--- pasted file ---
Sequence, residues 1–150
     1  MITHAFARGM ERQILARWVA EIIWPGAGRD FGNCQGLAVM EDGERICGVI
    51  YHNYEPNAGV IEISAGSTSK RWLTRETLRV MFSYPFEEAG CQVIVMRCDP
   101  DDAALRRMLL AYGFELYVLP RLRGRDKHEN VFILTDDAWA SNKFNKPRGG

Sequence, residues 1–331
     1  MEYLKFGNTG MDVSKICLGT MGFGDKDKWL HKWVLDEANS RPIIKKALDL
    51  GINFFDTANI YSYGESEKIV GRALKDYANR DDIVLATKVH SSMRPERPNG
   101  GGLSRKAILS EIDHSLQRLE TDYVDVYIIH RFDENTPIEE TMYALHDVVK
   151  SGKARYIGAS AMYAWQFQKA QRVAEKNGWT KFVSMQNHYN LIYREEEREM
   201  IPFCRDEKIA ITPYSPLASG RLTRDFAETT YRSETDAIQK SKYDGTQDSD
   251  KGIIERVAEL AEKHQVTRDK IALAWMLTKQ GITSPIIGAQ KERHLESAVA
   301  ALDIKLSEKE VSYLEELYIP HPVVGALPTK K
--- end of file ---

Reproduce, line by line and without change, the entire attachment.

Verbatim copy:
Sequence, residues 1–150
     1  MITHAFARGM ERQILARWVA EIIWPGAGRD FGNCQGLAVM EDGERICGVI
    51  YHNYEPNAGV IEISAGSTSK RWLTRETLRV MFSYPFEEAG CQVIVMRCDP
   101  DDAALRRMLL AYGFELYVLP RLRGRDKHEN VFILTDDAWA SNKFNKPRGG

Sequence, residues 1–331
     1  MEYLKFGNTG MDVSKICLGT MGFGDKDKWL HKWVLDEANS RPIIKKALDL
    51  GINFFDTANI YSYGESEKIV GRALKDYANR DDIVLATKVH SSMRPERPNG
   101  GGLSRKAILS EIDHSLQRLE TDYVDVYIIH RFDENTPIEE TMYALHDVVK
   151  SGKARYIGAS AMYAWQFQKA QRVAEKNGWT KFVSMQNHYN LIYREEEREM
   201  IPFCRDEKIA ITPYSPLASG RLTRDFAETT YRSETDAIQK SKYDGTQDSD
   251  KGIIERVAEL AEKHQVTRDK IALAWMLTKQ GITSPIIGAQ KERHLESAVA
   301  ALDIKLSEKE VSYLEELYIP HPVVGALPTK K